Windows 11 – What to Expect


With the release of Windows 11 now available to everyone compatible for the upgrade, it’s really important that users are aware of how Windows 11 affects them, things to look out for, and also tips and features they can utilise moving forward. Requirements for Windows 11 Windows 11 is a free upgrade and doesn’t require […]

With the release of Windows 11 now available to everyone compatible for the upgrade, it’s really important that users are aware of how Windows 11 affects them, things to look out for, and also tips and features they can utilise moving forward.

Requirements for Windows 11

Windows 11 is a free upgrade and doesn’t require additional licensing. However, your machine must meet the minimal specification requirement (as outlined below) to be supported after the update.

If your machine doesn’t meet the above spec, and you were to install the update, Microsoft won’t be able to update your machine with the relevant bug fixes/patches. To check if your machine does meet the minimum specification, please navigate to the below link, and install the Windows 11 Health Check Tool (WindowsPCHealthCheckSetup.exe), and click ‘Run Now’.

Installation of Windows 11

To upgrade your machine manually, head to , and use the ‘check for compatibility’ option. Here it will check whether your machine is compatible, and then ask you to upgrade. This can take anywhere from 30 minutes onwards to complete the installation. Once complete, you should be back at your logon screen, with the text/font looking slightly bold, suggesting this has been completed… 

Another way of upgrading is through your Windows 10 update function. This however may take time for your machine to have this ability, due to Windows 11 not being pushed on users immediately. 

Finally, if your machine is brand new, near to the end of the Out of Box (OOB) setup, it will ask you to upgrade, you can choose ‘Yes’, or simply ‘skip for now’ if you would like to proceed with Windows 10.

Welcome to Windows 11

Once you’ve logged into your machine, the taskbar will be aligned centrally, and will include some pinned items which you may not recognise/have used before. These pinned items are explained in more depth below…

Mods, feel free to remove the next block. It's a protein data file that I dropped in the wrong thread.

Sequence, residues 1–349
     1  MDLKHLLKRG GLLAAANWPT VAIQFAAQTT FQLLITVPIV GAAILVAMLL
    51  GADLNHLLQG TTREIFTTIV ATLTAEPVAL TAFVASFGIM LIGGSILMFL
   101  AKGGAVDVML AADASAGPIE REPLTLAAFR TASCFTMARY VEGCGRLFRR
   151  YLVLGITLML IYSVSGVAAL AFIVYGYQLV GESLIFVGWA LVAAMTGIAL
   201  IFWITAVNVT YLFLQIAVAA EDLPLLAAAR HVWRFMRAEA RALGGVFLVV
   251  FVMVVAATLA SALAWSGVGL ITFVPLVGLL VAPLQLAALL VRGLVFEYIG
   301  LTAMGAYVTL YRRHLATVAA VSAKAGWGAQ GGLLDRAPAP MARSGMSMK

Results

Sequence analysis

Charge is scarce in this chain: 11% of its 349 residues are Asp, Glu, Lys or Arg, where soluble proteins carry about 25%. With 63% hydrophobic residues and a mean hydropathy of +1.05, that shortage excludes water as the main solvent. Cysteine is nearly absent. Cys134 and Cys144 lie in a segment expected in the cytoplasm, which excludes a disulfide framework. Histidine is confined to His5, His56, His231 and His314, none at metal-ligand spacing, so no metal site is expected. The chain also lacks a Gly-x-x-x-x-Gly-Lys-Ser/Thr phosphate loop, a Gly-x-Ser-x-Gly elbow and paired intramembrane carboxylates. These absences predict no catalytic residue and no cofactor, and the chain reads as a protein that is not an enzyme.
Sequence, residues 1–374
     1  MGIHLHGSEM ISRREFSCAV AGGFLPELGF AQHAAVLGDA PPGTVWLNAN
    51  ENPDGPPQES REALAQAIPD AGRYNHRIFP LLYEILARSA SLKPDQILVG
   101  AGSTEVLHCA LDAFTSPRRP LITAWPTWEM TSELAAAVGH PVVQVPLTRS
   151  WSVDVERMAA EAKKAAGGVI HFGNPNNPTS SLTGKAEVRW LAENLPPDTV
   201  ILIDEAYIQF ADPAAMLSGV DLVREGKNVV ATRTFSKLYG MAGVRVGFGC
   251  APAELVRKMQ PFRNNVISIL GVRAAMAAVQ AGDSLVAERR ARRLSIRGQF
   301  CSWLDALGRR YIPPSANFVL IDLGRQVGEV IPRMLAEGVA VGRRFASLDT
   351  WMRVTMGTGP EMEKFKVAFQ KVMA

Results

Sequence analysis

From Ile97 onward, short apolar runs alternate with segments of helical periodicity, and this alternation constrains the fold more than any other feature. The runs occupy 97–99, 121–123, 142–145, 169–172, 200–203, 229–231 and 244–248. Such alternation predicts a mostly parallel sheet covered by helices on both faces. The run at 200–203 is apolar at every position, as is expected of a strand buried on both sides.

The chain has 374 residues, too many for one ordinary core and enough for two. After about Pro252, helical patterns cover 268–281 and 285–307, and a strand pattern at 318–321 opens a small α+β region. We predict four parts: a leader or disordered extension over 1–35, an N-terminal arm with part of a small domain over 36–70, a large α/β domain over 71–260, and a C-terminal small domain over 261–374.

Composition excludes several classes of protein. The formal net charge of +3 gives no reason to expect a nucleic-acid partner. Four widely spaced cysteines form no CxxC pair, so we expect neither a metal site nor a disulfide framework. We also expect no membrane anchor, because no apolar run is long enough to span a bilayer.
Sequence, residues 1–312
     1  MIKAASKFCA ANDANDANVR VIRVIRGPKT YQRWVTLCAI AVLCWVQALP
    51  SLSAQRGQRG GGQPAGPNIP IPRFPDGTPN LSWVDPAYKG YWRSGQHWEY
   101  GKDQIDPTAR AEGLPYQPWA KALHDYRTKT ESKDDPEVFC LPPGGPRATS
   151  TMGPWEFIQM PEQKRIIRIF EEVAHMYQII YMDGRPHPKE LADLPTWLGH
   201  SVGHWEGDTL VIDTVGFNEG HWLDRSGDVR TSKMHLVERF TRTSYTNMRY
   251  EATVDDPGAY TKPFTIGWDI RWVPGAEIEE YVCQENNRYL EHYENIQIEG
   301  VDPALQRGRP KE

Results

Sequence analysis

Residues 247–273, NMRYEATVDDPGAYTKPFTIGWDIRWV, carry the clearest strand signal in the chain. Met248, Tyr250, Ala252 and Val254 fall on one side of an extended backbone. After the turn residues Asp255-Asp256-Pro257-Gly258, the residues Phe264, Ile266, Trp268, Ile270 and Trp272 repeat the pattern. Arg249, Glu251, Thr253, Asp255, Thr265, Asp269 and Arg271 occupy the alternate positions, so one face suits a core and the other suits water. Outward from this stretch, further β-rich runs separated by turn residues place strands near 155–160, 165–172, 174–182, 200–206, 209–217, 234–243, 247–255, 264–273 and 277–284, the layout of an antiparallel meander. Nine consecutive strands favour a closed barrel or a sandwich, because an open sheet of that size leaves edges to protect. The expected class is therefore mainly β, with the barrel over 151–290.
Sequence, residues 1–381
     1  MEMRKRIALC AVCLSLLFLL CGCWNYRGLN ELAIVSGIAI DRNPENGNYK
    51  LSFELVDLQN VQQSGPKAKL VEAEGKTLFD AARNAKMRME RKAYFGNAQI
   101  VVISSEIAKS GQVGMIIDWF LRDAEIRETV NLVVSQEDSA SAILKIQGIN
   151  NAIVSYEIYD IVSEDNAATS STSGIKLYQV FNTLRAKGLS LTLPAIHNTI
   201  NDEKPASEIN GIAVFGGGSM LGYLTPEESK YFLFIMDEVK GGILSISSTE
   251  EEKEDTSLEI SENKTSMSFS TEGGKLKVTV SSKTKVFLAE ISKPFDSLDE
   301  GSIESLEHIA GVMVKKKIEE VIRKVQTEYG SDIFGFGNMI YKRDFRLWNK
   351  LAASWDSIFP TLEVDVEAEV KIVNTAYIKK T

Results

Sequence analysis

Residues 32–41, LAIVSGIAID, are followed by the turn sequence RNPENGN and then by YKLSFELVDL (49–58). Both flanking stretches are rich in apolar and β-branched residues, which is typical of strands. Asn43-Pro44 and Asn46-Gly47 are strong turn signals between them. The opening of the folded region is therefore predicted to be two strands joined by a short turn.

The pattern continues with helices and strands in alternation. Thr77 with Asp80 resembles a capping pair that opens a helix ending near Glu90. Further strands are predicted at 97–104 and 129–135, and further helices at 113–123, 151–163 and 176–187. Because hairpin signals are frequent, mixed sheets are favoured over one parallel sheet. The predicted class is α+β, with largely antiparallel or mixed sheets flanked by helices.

Task View  

This icon gives you the ability to have multiple ‘desktops’. Here, this gives you the ability to have different apps open on different sessions. As an example, you can have one desktop for work, and one desktop for personal browsing/streaming etc… The keyboard shortcut for quickly going between is Ctrl + Windows Key + Right Or left.


This is Microsoft Teams built in. However, it only offers personal accounts to be signed in, and not work or school. To disable this, go back into ‘Taskbar Settings’, and then turn off ‘Chat’. For more info, please see the below page on this…


Widgets allow you to customise slides of information, such as the news/weather/pictures etc. This can be used with work accounts as well as personal, provided that you add the account within settings (Settings > Accounts > Access work or school > ‘Connect’).

To remove any of the above items your taskbar, right click the taskbar, and choose its settings. Once loaded, simply toggle ‘off’ the apps you require to be removed.

Windows 10 to 11 Preference Changes

Taskbar Alignment:

The taskbar has now been centrally aligned, almost giving the new OS a ‘Mac/Macbook’ look. To amend this, right click ‘Task bar’, and choose ‘Taskbar Settings’. Scroll down, and choose ‘Taskbar behaviors’. Change ‘Taskbar Alignment’ from center to left.

A registry change is available that allows the taskbar to be set to the top of the screen on single or multiple displays, this still doesn’t work for the left or right of the screen however. For more information on the registry change, please use the below link to access more information.

Mobility Center:

Here, the icons yet again have changed slightly, giving it a more user-friendly look, and the ability to easily toggle on/off options as windows 10 had previously. You can add more options here by clicking the pencil and choosing from the below options. 

Copying files using Right Click:

Context menus have been modified through Windows 11. Many users who aren’t tech-savvy and use right-click to copy may end up hitting ‘copy path’ instead.  The options to copy, cut, rename or delete are now present as icons in a bar as shown in the image below. You can also see the old Windows 10 menu options by selecting the ‘Show more options’ at the end.